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Faraday to Einstein: Constructing Meaning in Scientific Theories

  • Authors
  • Nancy J. Nersessian

Part of the Science and Philosophy book series (SCPH, volume 1)

Table of contents

  1. Front Matter
    Pages i-xiv
  2. The Philosophical Situation: A Critical Appraisal

    1. Front Matter
      Pages 1-1
    2. Nancy J. Nersessian
      Pages 3-4
    3. Nancy J. Nersessian
      Pages 5-12
    4. Nancy J. Nersessian
      Pages 13-29
  3. The Scientific Situation: An Historical Analysis

    1. Front Matter
      Pages 31-31
    2. Nancy J. Nersessian
      Pages 33-36
    3. Nancy J. Nersessian
      Pages 37-68
    4. Nancy J. Nersessian
      Pages 69-94
    5. Nancy J. Nersessian
      Pages 95-120
    6. Nancy J. Nersessian
      Pages 121-139
  4. The Making of Meaning: A Proposal

    1. Front Matter
      Pages 141-141
    2. Nancy J. Nersessian
      Pages 143-143
    3. Nancy J. Nersessian
      Pages 144-159
  5. Part IV

    1. Nancy J. Nersessian
      Pages 198-198
    2. Nancy J. Nersessian
      Pages 198-198
    3. Nancy J. Nersessian
      Pages 198-198
    4. Nancy J. Nersessian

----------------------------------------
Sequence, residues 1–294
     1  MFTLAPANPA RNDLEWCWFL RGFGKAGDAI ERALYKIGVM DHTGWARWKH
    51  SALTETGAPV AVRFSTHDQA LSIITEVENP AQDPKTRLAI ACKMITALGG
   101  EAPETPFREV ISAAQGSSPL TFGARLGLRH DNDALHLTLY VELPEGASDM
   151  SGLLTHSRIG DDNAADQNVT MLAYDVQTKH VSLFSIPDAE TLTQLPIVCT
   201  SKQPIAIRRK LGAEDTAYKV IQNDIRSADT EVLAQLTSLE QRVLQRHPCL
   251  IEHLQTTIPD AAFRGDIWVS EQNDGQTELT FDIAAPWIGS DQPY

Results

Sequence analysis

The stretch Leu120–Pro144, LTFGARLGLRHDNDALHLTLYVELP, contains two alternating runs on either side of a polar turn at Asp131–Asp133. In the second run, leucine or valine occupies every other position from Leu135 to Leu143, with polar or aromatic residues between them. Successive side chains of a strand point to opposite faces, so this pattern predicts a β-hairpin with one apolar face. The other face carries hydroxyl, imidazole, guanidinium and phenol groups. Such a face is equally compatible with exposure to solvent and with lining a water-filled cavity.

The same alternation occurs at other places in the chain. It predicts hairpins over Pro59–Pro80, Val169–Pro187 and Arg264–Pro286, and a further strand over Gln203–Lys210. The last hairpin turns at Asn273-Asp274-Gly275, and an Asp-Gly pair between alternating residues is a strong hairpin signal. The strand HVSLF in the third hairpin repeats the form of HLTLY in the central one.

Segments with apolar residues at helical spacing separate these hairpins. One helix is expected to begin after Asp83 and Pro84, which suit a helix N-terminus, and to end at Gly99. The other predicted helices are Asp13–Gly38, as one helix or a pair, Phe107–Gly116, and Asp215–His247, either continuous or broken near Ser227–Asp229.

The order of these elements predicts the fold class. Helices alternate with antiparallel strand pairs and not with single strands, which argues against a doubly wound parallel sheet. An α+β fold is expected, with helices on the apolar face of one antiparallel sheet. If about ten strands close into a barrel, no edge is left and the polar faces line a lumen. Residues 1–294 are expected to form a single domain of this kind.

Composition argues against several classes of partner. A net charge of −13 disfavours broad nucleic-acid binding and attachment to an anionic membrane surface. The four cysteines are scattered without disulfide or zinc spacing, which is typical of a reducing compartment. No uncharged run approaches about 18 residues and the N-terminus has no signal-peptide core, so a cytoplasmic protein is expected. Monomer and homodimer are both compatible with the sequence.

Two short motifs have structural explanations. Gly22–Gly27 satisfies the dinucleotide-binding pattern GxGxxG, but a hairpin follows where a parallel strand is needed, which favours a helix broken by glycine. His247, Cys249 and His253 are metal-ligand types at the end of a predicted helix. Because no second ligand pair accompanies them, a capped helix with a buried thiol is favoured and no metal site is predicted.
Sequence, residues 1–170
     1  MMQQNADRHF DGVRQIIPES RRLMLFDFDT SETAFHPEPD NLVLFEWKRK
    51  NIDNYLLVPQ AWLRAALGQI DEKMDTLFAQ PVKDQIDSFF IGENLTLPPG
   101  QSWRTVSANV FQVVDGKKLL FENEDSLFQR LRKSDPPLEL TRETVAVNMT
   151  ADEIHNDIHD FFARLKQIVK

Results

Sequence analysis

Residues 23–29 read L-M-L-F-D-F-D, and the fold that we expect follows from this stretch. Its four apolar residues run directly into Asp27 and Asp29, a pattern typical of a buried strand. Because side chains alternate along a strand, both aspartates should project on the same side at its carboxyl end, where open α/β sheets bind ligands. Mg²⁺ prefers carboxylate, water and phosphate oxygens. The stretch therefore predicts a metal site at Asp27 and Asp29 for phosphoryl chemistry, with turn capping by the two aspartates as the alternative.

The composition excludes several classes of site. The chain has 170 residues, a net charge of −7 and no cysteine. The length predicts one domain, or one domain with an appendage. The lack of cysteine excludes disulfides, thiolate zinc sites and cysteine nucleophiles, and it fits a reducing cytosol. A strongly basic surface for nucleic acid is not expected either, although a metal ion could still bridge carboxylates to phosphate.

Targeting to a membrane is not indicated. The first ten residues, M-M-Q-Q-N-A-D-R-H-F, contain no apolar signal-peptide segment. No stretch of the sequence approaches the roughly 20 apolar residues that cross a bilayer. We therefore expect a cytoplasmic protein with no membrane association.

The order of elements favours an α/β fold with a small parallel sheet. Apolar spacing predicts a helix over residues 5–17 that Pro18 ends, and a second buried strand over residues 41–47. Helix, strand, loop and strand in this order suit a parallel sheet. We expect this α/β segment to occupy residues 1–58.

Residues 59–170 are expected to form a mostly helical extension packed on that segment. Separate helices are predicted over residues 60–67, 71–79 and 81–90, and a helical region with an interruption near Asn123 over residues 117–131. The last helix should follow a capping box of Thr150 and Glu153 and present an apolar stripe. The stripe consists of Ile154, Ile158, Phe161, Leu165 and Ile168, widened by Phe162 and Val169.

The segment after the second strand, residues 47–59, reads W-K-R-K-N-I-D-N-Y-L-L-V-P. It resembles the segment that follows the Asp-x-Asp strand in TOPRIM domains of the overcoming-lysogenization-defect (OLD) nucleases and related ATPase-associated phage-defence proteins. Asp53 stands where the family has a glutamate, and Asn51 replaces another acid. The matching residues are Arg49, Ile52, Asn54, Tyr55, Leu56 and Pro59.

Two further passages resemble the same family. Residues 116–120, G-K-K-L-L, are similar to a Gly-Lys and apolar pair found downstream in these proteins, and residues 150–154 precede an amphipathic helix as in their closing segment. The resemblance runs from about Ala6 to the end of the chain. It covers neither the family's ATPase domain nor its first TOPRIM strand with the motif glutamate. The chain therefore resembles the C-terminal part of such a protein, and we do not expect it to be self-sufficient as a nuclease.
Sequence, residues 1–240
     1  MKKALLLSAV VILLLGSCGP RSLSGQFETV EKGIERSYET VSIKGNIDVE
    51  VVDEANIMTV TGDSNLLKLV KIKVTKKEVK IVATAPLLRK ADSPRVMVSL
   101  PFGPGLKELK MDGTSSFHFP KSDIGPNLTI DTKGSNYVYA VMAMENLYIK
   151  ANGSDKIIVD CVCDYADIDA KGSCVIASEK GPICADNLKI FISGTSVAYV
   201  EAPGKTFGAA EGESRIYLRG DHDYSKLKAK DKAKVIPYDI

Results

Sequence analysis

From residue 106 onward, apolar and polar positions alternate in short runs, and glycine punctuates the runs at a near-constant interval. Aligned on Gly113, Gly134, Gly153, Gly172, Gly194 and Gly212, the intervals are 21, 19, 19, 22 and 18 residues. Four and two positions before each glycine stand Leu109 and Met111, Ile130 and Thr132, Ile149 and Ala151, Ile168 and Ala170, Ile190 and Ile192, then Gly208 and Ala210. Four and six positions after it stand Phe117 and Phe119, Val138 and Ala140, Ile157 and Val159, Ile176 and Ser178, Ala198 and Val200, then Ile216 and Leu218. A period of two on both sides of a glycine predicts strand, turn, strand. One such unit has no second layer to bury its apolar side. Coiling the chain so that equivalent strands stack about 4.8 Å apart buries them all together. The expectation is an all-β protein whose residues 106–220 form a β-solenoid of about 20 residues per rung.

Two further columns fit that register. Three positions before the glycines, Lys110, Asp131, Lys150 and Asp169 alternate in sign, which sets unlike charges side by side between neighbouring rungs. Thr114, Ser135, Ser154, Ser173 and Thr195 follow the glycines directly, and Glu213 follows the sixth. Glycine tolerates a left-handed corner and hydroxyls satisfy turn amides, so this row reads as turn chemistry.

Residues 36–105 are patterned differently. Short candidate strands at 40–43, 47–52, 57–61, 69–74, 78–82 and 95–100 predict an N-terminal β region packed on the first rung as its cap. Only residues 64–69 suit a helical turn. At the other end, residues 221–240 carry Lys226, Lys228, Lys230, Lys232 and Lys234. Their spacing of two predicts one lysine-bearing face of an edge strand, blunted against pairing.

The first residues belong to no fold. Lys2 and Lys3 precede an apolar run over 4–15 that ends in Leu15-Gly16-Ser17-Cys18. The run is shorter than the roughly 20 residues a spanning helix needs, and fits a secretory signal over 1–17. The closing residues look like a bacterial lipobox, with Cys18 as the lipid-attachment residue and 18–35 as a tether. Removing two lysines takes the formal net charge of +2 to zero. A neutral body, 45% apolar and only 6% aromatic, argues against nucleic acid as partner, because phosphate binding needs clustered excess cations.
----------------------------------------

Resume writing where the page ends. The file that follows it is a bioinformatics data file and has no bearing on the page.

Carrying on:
Pages 198-198
    5. Nancy J. Nersessian
      Pages 198-198
  6. Back Matter
    Pages 161-197

About this book

Introduction

Einstein often expressed the sentiment that "the eternal mystery of the world is its comprehensibility," and that science is the means through which we comprehend it. However, nearly every­ one - including scientists - agrees that the concepts of modem physics are quite incomprehensible: They are both unintelligible to the educated lay-person and to the scientific community itself, where there is much dispute over the interpretation of even (and especially) the most basic concepts. There is, of course, almost universal agreement that modem science quite adequately accounts for and predicts events, i. e. , that its calculations work better than those of classical physics; yet the concepts of science are supposed to be descriptive of 'the world' as well - they should enable us to comprehend it. So, it is asked, and needs tobe"asked: Has modem physics failed in an important respect? It failed with me as a physics student. I came to physics, as with most naIve students, out of a desire to know what the world is really like; in particular, to understand Einstein's conception of it. I thought I had grasped the concepts in classical mechanics, but with electrodynamics confusion set in and only increased with relativity and quantum mechanics. At that point I began even to doubt whether I had really understood the basic concepts of classical mechanics.

Keywords

Interpretation quantum mechanics science scientific practice

Bibliographic information

  • DOI https://doi.org/10.1007/978-94-009-6187-6
  • Copyright Information Springer Science+Business Media B.V. 1984
  • Publisher Name Springer, Dordrecht
  • eBook Packages Springer Book Archive
  • Print ISBN 978-0-7923-0950-5
  • Online ISBN 978-94-009-6187-6
  • Series Print ISSN 0924-4697
  • Buy this book on publisher's site